Carbon Storage Program

About the Carbon Storage Program

Since 1997, DOE’s Carbon Storage program has significantly advanced the CCS knowledge base in selected Technology Areas through a diverse portfolio of applied research projects. The portfolio includes industry cost-shared technology development projects, university research grants, collaborative work with other national laboratories, and research conducted in-house through the National Energy Technology Laboratory’s (NETL) Research & Innovation Center. The Carbon Storage program is comprised of three primary technology areas (1) Core Storage Research and Development (R&D), (2) Storage Infrastructure, and (3) Strategic Program Support. These three areas work together to address significant technical challenges in order to meet program goals that support the scale-up and widespread deployment of CCS.

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Storage Program Fact Sheet

The Carbon Storage Program advances the development and validation of technologies that enable safe, cost-effective, permanent geologic storage of CO2. The Carbon Storage Program also supports the development of best practices for CCS that will benefit projects implementing CCS at a commercial scale, such as those being performed under the NETL’s in the Clean Coal Power Initiative and Industrial Carbon Capture and Storage Programs. The technologies being developed and the small- and large-scale injection projects conducted through this program will be used to benefit the existing and future fleet of fossil fuel power-generating facilities by developing tools to increase our understanding of the behavior of CO2 in the subsurface and identifying the geologic reservoirs appropriate for CO2 storage. DOE has established the following plan to ensure that the goal of developing these technologies is met:

  • Manage Core R&D activities within specific Technology Areas where separate research pathways develop the technologies needed to support storage operations.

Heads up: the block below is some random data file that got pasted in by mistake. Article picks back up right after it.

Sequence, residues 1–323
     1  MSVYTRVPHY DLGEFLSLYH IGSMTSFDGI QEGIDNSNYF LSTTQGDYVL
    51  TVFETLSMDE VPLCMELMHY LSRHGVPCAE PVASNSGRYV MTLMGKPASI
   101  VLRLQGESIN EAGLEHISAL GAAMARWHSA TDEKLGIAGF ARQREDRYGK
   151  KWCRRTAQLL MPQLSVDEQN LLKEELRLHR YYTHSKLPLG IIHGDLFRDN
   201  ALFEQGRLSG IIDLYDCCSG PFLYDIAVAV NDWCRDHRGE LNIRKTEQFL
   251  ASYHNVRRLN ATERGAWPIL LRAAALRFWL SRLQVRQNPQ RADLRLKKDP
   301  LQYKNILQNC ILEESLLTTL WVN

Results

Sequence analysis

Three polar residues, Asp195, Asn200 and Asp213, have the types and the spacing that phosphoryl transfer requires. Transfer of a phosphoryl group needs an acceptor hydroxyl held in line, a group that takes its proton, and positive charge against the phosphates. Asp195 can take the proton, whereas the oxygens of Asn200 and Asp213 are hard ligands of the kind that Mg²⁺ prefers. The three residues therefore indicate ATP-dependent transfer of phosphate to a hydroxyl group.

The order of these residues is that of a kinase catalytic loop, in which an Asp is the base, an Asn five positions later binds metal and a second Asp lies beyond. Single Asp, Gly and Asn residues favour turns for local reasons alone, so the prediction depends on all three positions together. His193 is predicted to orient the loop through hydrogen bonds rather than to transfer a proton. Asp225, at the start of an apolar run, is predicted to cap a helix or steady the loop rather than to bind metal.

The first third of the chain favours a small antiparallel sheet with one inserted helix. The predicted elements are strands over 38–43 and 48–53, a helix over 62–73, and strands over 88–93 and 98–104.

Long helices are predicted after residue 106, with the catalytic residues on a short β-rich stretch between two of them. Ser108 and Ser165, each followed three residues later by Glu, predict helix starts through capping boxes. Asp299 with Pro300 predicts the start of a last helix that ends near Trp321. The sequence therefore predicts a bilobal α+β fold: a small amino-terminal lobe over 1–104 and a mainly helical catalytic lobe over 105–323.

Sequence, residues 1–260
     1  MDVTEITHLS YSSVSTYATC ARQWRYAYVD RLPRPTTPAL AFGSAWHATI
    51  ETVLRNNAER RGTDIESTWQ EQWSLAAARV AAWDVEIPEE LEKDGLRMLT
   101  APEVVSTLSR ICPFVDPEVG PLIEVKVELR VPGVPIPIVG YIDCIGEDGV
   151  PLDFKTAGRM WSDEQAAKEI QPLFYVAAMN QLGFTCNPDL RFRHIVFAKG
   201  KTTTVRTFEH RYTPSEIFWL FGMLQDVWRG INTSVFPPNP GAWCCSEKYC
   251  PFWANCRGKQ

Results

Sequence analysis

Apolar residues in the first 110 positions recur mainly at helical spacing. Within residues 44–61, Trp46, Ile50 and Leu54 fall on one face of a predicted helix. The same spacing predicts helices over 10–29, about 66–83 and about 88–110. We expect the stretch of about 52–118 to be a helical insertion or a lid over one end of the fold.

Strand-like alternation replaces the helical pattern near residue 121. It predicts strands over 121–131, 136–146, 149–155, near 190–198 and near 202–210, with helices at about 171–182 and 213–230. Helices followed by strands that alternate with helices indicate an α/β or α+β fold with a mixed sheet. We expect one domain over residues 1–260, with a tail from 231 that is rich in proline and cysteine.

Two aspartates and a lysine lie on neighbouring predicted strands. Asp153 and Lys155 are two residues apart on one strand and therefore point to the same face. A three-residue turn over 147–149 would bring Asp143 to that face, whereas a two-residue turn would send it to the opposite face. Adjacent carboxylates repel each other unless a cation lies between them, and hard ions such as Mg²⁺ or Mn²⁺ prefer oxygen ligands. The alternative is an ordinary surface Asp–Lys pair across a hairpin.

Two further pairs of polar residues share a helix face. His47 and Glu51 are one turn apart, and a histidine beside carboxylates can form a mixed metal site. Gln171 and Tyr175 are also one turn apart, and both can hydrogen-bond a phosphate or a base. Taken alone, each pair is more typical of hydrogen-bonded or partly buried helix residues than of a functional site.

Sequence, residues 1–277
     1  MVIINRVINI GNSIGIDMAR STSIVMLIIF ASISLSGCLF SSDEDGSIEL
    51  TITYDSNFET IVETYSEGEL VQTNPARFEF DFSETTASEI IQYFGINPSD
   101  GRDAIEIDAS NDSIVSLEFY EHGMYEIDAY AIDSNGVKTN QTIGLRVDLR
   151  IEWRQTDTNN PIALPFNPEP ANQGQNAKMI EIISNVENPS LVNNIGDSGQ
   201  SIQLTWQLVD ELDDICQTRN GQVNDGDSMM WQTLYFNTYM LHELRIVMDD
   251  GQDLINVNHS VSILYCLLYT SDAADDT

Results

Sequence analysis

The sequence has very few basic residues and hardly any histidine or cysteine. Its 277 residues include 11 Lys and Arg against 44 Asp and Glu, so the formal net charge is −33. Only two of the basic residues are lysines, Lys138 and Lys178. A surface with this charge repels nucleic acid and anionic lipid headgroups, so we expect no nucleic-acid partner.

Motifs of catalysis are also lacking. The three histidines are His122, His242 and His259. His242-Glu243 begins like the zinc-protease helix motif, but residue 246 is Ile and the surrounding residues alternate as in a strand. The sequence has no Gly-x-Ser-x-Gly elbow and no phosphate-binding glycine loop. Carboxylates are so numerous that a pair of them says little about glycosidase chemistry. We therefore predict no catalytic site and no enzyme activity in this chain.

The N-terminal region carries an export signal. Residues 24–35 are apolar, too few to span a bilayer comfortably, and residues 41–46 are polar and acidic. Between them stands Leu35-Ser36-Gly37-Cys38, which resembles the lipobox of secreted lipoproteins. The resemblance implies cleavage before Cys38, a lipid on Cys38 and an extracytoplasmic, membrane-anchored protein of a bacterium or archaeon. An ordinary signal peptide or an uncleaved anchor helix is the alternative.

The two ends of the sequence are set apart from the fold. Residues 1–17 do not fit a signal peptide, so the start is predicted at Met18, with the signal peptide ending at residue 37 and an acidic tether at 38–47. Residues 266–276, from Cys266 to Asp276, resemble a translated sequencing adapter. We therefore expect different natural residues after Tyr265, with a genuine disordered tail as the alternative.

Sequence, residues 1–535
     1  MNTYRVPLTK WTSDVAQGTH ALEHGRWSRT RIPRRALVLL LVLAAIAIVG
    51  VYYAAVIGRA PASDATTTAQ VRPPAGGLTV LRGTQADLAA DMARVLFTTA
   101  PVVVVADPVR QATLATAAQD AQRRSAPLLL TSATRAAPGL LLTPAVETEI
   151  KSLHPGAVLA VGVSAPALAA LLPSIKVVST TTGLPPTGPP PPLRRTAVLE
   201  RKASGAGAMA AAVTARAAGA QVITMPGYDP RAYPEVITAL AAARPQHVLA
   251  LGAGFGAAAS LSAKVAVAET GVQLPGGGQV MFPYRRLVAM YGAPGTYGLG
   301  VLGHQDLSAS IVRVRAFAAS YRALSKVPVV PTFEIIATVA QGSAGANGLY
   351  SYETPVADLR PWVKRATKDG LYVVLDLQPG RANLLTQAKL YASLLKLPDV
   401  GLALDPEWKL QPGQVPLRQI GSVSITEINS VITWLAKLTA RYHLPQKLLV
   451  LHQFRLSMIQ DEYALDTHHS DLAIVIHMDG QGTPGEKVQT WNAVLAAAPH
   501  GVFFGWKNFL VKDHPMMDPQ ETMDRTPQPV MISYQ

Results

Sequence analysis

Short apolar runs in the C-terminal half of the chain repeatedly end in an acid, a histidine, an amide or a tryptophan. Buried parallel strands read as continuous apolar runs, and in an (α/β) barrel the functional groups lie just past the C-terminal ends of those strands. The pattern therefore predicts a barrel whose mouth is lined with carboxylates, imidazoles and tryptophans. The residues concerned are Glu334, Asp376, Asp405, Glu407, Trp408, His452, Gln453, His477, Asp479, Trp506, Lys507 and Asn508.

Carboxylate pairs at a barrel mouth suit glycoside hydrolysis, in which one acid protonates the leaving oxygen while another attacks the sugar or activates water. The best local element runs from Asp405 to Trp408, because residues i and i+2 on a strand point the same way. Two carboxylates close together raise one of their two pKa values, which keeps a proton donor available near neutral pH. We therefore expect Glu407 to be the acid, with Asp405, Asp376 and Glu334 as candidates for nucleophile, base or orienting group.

• Develop infrastructure to facilitate future commercialization of CO2 storage through the RCSP Initiative and validate and field-test technologies required for all stages of onshore and offshore geologic storage operations.

  • Engage a wide variety of industry; Federal, State, and local Government agencies; academia; and environmental organizations to facilitate development and testing for carbon storage. This includes DOE’s Office of Science, which is working to develop the fundamental understanding of geological processes relevant to long-term CO2 storage.

  • Work with NETL’s Office of Program Performance and Benefits (OPPB) to determine the benefits of research and establish a systems approach to confirm that technologies are capable of meeting Carbon Storage Program goals.

Overall, the Carbon Storage program has achieved numerous accomplishments through the growth, expansion, and introduction of new concepts and opportunities as a result of an adaptive effort that incorporates novel activities to resolve issues uncovered by R&D activities and social demands. More details on programmatic accomplishments can be found in the DOE/NETL publication titled, Carbon Storage Program 2010–2011 Accomplishments, published in August 2012.

Additional information on the program’s research and development performance targets, milestones for meeting these targets, and a technology pathway to optimize R&D activities can be found in the Carbon Storage Technology Program Plan.